In his 1977 book, The Unsettling of America, Wendell Berry identified two poles running through America’s engagement with its natural resources. These two poles he calls exploitation and nurture. “The exploiter is a specialist,” says Berry, “the nurturer is not. The standard of the exploiter is efficiency; the standard of the nurturer is care. The exploiter’s goal is money, profit; the nurturer’s goal is health – his land’s health, his own, his family’s, his community’s, his country’s.”
Berry, of course, is a Kentucky farmer, and his overriding concern is with land management and husbandry. But these same poles, or closely analogous ones, are discernible in today’s fights over fisheries management. The divisions are too many to enumerate, but one thinks of commercial vs. recreational; inshore vs. offshore; fly fishermen vs. users of traditional tackle; hippy environmentalists vs. rugged outdoorsmen. But these kinds of hard distinctions lead to policy vacillations, winner-takes-all fights at state, regional, and federal levels. And meanwhile its “Grab what you can while you can, and devil take the hindmost,” and the resources about which everybody claims to care, suffer.
The decision of Secretary of Commerce, Wilbur Ross, to extend the 2017 red snapper season in the Gulf of Mexico, for example, demonstrated a shortsighted concern for the economic impact of management policies on recreational fishing industry interests, at the expense of the longer-term health of the red snapper stock. Emails disclosed by subsequent litigation show that the Commerce Department knew full well that their decision would lead to overfishing, and thus set back the rebuilding of the stock by as much as six years, and they did it anyway.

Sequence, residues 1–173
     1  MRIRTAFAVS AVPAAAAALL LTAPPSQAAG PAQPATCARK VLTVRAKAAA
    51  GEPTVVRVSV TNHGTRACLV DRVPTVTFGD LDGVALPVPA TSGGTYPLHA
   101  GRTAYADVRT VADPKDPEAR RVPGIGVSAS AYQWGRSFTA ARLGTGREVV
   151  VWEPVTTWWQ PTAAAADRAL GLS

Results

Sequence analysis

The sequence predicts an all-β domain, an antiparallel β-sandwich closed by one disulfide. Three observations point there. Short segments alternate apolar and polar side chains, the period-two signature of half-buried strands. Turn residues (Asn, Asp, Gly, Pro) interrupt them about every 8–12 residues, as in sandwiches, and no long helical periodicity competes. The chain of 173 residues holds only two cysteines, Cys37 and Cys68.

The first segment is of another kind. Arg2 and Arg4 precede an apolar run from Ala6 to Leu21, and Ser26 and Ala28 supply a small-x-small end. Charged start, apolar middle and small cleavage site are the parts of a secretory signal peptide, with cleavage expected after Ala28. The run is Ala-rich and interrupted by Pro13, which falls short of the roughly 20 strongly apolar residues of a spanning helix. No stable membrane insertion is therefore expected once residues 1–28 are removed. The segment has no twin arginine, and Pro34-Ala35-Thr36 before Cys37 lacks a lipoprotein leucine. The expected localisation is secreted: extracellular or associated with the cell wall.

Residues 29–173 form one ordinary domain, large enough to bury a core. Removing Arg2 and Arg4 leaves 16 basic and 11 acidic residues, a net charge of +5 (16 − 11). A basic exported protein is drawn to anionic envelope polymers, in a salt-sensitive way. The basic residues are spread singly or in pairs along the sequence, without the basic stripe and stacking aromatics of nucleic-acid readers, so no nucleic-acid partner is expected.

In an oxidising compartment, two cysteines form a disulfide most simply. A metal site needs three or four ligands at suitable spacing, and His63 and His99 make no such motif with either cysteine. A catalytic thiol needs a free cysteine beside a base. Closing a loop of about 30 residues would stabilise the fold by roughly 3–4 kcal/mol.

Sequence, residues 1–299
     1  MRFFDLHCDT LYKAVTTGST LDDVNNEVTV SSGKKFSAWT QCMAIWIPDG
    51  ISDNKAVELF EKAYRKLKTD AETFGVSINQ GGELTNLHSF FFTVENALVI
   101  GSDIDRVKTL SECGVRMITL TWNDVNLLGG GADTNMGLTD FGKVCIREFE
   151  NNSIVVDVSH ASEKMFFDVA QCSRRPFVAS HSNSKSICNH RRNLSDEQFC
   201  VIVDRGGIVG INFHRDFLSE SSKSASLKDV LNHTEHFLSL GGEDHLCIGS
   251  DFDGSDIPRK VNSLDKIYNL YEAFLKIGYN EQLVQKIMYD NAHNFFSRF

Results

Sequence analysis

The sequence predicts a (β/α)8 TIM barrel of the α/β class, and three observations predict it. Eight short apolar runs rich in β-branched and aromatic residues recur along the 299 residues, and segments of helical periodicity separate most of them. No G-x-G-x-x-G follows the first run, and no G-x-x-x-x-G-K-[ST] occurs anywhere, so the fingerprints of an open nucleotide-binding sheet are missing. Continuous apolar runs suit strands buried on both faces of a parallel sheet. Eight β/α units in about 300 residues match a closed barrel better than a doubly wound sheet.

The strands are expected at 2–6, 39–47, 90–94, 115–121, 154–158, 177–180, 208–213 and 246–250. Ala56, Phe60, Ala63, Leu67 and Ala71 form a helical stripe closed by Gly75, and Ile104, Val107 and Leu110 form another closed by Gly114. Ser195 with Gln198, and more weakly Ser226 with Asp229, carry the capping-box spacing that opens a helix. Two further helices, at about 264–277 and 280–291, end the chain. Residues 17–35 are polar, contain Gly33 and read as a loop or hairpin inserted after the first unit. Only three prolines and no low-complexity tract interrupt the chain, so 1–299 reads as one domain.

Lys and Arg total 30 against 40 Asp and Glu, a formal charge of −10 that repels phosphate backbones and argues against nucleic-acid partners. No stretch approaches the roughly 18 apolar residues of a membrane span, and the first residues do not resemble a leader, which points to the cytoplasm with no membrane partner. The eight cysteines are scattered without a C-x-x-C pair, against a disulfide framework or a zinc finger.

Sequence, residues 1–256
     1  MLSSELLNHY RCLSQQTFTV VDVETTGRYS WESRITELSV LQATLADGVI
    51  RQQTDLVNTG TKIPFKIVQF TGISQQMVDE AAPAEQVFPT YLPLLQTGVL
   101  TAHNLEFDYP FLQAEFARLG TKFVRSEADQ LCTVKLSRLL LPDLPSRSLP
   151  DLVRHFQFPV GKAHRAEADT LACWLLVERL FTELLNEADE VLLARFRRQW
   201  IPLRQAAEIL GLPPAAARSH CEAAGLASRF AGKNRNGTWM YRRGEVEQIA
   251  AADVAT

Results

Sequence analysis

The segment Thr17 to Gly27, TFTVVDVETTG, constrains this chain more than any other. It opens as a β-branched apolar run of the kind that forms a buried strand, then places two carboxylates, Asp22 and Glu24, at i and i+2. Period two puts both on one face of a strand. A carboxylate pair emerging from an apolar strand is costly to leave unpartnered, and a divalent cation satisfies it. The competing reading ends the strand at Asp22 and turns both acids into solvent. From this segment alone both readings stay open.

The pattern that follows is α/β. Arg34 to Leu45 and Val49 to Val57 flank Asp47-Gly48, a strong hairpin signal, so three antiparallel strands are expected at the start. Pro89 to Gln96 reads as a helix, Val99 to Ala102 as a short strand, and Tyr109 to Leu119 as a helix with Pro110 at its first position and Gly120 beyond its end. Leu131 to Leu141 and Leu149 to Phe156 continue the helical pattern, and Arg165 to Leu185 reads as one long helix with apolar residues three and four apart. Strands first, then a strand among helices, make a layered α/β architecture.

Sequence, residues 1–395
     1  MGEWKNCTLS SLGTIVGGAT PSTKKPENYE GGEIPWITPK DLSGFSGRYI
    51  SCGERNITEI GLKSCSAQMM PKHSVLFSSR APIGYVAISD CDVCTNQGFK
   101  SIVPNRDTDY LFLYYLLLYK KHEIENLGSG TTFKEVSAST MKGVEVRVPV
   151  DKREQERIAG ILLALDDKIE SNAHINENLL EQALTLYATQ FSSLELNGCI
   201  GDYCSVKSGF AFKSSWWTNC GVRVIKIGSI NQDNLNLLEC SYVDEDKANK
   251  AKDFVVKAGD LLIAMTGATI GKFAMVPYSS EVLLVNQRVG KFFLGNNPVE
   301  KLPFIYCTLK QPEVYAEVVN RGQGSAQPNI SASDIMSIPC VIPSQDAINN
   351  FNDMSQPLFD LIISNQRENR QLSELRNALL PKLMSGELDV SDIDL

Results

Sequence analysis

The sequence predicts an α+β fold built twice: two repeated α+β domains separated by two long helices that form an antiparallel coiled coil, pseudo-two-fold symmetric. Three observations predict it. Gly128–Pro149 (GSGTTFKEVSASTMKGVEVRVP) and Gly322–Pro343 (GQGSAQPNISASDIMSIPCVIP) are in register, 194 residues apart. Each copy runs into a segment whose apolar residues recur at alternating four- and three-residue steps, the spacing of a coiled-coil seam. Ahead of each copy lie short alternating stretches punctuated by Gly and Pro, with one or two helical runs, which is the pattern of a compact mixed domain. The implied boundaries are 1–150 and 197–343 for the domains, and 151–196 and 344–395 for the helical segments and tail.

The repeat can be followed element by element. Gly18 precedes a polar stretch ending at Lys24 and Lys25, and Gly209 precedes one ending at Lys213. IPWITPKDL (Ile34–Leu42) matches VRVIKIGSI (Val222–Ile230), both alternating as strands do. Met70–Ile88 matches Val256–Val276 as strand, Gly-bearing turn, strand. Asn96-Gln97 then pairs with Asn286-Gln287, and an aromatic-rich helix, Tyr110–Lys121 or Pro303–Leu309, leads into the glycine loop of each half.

Similarly, H.R. 200, the inaptly named “Strengthening Fishing Communities and Increasing Flexibility in Fisheries Management Act,” which was reported out of the House Natural Resources Committee on a strict party-line vote, would eliminate or weaken the very management provisions of the Magnuson-Stevens Act that have led to the ongoing recovery of so many of our nation’s fisheries, including red snapper in the Gulf of Mexico. It’s a paradigm case of the exploitation of a natural resource for the sake of short-term economic gain, and at the expense of the long-term viability of that resource. Exploiters vs. nurturers.
In 1903, a scion of the exploitation tradition, President Theodore Roosevelt, met with a leading figure of the nurturers, the naturalist John Muir, who served as guide as the two camped in Yosemite and talked at length around the campfire about conservation in America. Seeds planted on that trip would lead to Roosevelt establishing six national parks, 18 national monuments, and scores of national bird sanctuaries, wildlife refuges, and national forests – a durable legacy that we still enjoy, and proof of the good that can be done with balanced, long-term approaches to natural resource management.
Fisheries policy should not be as polarized as we have allowed it to become. Robust, rebuilt stocks are in the interest of all Americans, just as they belong to all Americans – whether they realize it or not, and whether they utilize the resource or not. But the policy landscape is not all destructive contentiousness either. It’s gratifying to note, for example, NOAA’s certification of LA-Creel in Louisiana, and it proves that ways forward are possible when state and federal agencies work together towards a common goal. It also demonstrates the flexibility of the Magnuson-Stevens Act and the council process, even as they stand.
There are indeed two traditions – exploitation and nurture – running through the history of American conservation. But America’s best and longest-lasting conservation successes have come about when all sides have sat down at the table and worked together for the good of the resources we share. Fishermen of all stripes would do well to remember what happened around a campfire in Yosemite in 1903.
Photo by GuyFrancis – Own work, CC BY-SA 3.0, via Wikipedia